By Adrian Sainz, Associated Press
MEMPHIS, Tenn. — Hillary Rodham Clinton, who worked on a plan to expand health care coverage in the U.S. years before the Affordable Care Act, visited with young patients Thursday at St. Jude Children’s Research Hospital, where families of patients suffering from pediatric cancer and other illnesses pay nothing for treatment, travel, housing and food.
The former Secretary of State then spoke at the opening of the Marlo Thomas Center for Global Education and Collaboration on the campus of the Memphis hospital. Thomas, an actress and the daughter of St. Jude founder Danny Thomas, is the face of the hospital’s national outreach efforts and a winner of the 2014 Presidential Medal of Freedom.
St. Jude is considered a leading researcher of cancer and other life-threatening diseases that affect children. The hospital says it is working to increase the overall survival rate for childhood cancer to 90 percent in the next decade. The hospital relies heavily on donations from the public, which makes up three-quarters of the hospital’s funding, said Richard Shadyac Jr., president and CEO of St. Jude’s fundraising organization.
“This is what health care should look like. Patients before profits. Collaboration before competition. And that is particularly the health care that every single child deserves,” she said. The statement drew applause from the audience.
It was Clinton’s second visit to St. Jude. She first came in 1994, when she was first lady and her husband, Bill Clinton, was in his first term. She led a 1993 task force that unsuccessfully sought legislation in Congress to achieve universal health care coverage.
Hillary Clinton thanked the hospital’s employees and its board of directors, whom she called generous and dedicated. She also made reference to the fact that patients pay don’t pay for treatment.
“The provision of high-quality health care at no cost, the sharing of the learned knowledge that comes from delivering that care, is revolutionary, because when this hospital has a breakthrough, it doesn’t hold the information close, trying to figure out how it can possibly profit from it in the future,” Clinton said. “It doesn’t stave off competitors so that it can stand above the rest. It shares what has been learned.”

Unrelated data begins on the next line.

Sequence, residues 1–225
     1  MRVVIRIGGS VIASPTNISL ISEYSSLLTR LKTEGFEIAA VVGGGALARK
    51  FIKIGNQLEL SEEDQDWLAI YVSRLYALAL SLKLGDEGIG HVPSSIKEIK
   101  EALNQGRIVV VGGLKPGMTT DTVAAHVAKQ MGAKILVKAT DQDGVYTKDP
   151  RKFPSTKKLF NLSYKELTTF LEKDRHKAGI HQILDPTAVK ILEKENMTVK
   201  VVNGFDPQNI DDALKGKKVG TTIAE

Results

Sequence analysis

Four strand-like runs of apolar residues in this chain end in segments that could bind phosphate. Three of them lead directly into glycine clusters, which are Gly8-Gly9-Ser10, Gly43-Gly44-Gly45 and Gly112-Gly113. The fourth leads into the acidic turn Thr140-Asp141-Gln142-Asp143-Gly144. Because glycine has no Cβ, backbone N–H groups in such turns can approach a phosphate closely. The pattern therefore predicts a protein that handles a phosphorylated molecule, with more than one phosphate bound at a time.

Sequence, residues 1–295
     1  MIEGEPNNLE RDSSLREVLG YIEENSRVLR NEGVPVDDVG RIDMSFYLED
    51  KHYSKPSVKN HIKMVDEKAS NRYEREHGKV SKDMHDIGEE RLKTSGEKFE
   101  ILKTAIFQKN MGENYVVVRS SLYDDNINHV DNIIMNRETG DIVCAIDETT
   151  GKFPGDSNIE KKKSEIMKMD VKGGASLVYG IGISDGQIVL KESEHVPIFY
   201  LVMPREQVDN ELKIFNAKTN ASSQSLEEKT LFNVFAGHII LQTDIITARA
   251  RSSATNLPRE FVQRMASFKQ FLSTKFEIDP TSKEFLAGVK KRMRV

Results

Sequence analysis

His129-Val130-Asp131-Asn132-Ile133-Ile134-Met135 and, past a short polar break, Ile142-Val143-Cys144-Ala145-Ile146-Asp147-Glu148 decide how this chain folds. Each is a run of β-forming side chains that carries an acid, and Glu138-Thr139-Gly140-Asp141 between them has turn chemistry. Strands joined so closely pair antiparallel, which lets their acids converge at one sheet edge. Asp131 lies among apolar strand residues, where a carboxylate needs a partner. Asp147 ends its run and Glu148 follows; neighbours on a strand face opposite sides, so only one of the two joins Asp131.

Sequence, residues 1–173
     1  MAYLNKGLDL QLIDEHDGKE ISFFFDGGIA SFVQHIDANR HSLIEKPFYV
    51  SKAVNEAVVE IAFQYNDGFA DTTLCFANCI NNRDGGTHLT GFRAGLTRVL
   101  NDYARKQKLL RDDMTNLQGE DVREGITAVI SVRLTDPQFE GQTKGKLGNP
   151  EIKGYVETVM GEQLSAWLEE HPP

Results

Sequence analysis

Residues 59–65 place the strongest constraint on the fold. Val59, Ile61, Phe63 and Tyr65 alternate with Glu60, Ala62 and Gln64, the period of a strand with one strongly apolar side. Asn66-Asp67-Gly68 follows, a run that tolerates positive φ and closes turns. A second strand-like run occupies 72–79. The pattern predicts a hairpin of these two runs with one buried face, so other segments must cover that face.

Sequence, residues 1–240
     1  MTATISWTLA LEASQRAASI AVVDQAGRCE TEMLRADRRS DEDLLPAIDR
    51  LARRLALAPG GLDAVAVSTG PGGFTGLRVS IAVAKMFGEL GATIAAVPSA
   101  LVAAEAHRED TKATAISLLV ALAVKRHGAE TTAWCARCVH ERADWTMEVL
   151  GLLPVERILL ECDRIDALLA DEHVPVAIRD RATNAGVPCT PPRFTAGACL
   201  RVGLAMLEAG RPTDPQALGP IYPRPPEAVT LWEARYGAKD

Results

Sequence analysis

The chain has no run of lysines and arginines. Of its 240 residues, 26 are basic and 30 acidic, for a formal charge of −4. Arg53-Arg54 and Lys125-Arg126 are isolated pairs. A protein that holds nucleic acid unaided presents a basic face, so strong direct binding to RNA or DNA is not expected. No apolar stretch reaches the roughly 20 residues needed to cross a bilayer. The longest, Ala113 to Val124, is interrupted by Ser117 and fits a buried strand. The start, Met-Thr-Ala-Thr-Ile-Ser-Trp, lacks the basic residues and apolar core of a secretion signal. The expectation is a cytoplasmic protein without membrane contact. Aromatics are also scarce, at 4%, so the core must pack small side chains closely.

As a presidential candidate in 2007 and 2008, Clinton pushed for a health care plan that mandated coverage for all individuals, which was later included in President Barack Obama’s health care law, and offered federal subsidies to help reduce the cost of coverage.
Clinton, who also is a former U.S. senator, has not announced whether she will run for president in 2016.
The center named for Marlo Thomas will be the hub for the hospital’s International Outreach Program, which aims to improve childhood cancer survival rates worldwide. The center also will support the training of post-doctoral and graduate fellows and provide a place where doctors and researchers can share information with others around the world.
Thomas gave a tear-jerking speech, referring to her late father several times, and telling the story of patients who celebrated “off-chemo” parties.
“Until my own dying breath, I will carry forward my father’s words, often said, but not enough, that ‘No child should die in the dawn of life,'” Thomas said.